Euthanasia and the slippery slope

I didn’t watch the recent controversial TV programme in which a man with motor neurone disease was filmed as he committed suicide. I haven’t got Sky TV, but even if I had I wouldn’t want to watch someone with MND dying. I’ve done that already with my mother.

Seeing my mother’s physical decline and death (while she remained mentally unaffected) means that I’m not an absolutist against euthanasia. She was a woman who spent her life doing things for others, and yet she ended being able to do almost nothing for herself. She couldn’t walk or talk or eat or go to the toilet unaided. It was very hard for her and all the family and at the time I secretly made a resolution. If she ever decided that she had endured enough and could not face a continued decline, I would do whatever was necessary to carry out her wishes. If she had decided she wanted to end her life I would not have sought to dissuade her or thought she was morally wrong and I would have helped her to the best of my ability.

But she did not say anything like that to me: she seemed to me to possess an almost unbreakable will to live. The quality of her life, whatever it might seem to me, cannot have seemed the same to her. I might have begged for death: she did not. And in that difference of perspective, it seems to me, comes an inescapable problem for those wishing to legalise euthanasia.

The advocates of such legislation almost always cite similar cases to my mother’s: those who are terminally ill and who either face excruciating pain or extreme helplessness. But the empirical evidence suggests that attempts to limit legal euthanasia to such extreme cases fails. Daniel James, the young ex-rugby player who recently travelled to Switzerland to die, was severely paralysed, but not terminally ill. In the Netherlands, the principle that assisted suicide is acceptable where the patient is suffering from mental rather than physical distress has been accepted (Chabot case).

In addition, those who argue for euthanasia to be legal always do so on the basis of an individual’s right over their own life. There is no obvious place in such an argument for anyone else’s view on the matter. The most important slippery slope in euthanasia doesn’t seem to me to be issues of people being killed against their will (or even pressurised into ‘volunteering’ to die). It’s how you stop those who are not terminally ill (or even physically ill at all) but are suicidal from using the method to increase their chances of dying.

At some of the times I’ve been clinically depressed, I’ve contemplated suicide, but I’ve always been too scared of the pain involved and worried I might fail. If there had been a failsafe method, I’d have been a lot more tempted. Pro-euthanasia sites (such as Scottish Voluntary Euthanasia Society try to make a distinction between ‘irrational’ suicide and ‘rational’ self-deliverance, but how can anyone decide whether someone’s wish to die is rational or not? There is no objective test for what the rational response to a situation is: was my mother’s reaction rational? If (as with someone I once knew) a retired professional woman with no close relatives decides that her life no longer has a purpose and she kills herself, is that rational? Is it more or less rational if she has chronic health problems or is in financial trouble rather than well-off? To decide on such cases is more than a doctor should be expected to do, especially when mental illness is so often misdiagnosed.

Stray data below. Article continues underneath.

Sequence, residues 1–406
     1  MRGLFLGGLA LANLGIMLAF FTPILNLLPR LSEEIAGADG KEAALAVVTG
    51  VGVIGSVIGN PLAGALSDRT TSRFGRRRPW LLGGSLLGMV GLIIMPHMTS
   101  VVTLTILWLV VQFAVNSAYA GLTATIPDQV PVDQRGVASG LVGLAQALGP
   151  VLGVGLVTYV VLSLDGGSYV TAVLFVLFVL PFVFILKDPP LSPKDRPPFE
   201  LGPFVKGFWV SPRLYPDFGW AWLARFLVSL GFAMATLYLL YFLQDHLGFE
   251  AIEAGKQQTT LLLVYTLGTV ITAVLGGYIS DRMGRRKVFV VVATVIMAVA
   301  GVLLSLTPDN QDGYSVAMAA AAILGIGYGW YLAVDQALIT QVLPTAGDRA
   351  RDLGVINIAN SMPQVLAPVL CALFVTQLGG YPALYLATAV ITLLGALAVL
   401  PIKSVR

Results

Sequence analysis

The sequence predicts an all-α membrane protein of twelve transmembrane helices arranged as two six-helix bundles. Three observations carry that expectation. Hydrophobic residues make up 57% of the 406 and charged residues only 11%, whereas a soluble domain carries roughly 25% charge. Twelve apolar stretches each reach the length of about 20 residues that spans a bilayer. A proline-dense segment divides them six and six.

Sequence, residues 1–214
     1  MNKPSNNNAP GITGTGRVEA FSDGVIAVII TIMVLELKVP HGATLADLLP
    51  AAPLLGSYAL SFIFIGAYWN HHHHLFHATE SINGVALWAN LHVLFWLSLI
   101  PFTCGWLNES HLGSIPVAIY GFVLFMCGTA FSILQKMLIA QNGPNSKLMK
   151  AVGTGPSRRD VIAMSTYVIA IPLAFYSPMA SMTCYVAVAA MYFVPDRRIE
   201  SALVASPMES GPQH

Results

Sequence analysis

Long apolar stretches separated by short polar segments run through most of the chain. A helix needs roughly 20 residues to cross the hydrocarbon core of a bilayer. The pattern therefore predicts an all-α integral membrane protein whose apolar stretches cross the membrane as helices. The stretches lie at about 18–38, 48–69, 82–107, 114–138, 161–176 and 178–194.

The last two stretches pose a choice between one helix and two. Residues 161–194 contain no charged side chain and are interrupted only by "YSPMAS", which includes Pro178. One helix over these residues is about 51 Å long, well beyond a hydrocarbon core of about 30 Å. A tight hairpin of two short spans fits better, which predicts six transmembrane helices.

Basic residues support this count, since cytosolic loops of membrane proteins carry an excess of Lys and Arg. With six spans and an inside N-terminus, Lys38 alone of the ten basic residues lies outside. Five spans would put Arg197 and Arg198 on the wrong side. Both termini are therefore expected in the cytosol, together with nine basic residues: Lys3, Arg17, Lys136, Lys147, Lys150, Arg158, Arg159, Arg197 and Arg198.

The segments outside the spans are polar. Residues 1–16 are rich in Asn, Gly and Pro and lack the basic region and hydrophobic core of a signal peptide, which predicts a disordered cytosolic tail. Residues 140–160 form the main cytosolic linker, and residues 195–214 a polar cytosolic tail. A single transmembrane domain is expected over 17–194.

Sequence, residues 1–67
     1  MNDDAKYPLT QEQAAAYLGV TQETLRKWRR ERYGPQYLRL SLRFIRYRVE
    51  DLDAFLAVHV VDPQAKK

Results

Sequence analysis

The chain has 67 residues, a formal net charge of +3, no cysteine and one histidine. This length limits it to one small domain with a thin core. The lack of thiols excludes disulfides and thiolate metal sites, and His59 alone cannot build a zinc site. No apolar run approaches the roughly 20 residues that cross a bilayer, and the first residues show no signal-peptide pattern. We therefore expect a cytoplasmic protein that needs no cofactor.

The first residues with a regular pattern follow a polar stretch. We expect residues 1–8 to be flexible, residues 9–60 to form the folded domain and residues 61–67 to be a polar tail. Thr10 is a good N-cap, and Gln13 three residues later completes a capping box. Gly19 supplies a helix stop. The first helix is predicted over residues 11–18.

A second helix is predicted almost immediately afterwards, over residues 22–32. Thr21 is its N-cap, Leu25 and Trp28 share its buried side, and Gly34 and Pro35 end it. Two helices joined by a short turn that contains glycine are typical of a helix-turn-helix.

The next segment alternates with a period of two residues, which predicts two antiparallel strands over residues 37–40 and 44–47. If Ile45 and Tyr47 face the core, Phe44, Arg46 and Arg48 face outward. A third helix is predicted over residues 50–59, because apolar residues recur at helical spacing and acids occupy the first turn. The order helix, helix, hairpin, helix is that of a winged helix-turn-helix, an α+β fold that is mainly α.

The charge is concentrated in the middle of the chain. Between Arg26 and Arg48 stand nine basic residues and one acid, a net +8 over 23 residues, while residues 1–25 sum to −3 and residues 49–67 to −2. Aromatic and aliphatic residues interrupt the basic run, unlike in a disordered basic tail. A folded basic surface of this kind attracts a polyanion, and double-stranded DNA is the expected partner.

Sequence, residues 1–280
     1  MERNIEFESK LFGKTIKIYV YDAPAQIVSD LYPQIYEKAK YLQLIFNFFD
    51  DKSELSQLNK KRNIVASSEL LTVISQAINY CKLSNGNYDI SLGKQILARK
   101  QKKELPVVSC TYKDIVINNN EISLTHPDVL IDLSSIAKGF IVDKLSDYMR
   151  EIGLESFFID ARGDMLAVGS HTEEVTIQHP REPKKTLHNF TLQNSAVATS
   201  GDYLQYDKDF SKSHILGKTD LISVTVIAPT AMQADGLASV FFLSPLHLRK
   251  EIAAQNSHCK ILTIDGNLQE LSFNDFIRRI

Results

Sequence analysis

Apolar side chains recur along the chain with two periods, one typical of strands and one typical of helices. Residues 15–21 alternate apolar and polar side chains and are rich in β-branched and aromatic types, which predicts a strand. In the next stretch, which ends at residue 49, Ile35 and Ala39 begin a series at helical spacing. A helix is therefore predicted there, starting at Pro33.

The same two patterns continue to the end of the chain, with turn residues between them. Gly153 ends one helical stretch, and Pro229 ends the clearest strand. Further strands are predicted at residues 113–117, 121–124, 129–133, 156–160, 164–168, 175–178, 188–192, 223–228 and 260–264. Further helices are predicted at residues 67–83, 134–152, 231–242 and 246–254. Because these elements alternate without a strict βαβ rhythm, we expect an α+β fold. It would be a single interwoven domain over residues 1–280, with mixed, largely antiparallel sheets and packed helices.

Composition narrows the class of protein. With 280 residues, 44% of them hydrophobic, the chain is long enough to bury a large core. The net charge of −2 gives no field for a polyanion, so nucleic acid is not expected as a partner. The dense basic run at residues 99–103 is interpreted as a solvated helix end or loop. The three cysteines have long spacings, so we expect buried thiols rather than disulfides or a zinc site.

If I could be assured that legal euthanasia could be restricted to those who were imminently going to die, I would be in favour of it: I do not want people to have to go through what my mother chose to endure. But I am not convinced such restrictions are feasible, and so I currently oppose attempts to legalise euthanasia.

One thought on “Euthanasia and the slippery slope

  1. This is a subject which i’ve been increasingly hearing more of recently. I watched a programme on the BBC iPlayer (Panorama) which followed Margo McDonald, a Scottish MP wtih MND, as she researched assissted suicide and euthanasia.

    Like yourself, i’m not necessairly against the morals of it; however something did catch my attention in that documentary. If assisted suicide or euthanasia were made legal, would this make the terminally ill FEEL like they have to be gotten rid of? Would it encourage people, who otherwise would never have thought of about it, to carry it out?

    Until reading your post, i’d never really thought about the misuse of assistened suicide or euthanasia; however, as someone who suffers from depression it could become a temptation if there were an easy way out. I think most people are prevented from suicide for the reasons you mentioned: pain and failure.

    The Dutch have successfully implemented their euthanasia policy and they maintain that since its introduction there has been a steady number of cases (2,000 annually). However, one must remember that this is the Netherlands and not Britain; things seem to go down very differently in either country! I don’t think that it would work in Britain as well.


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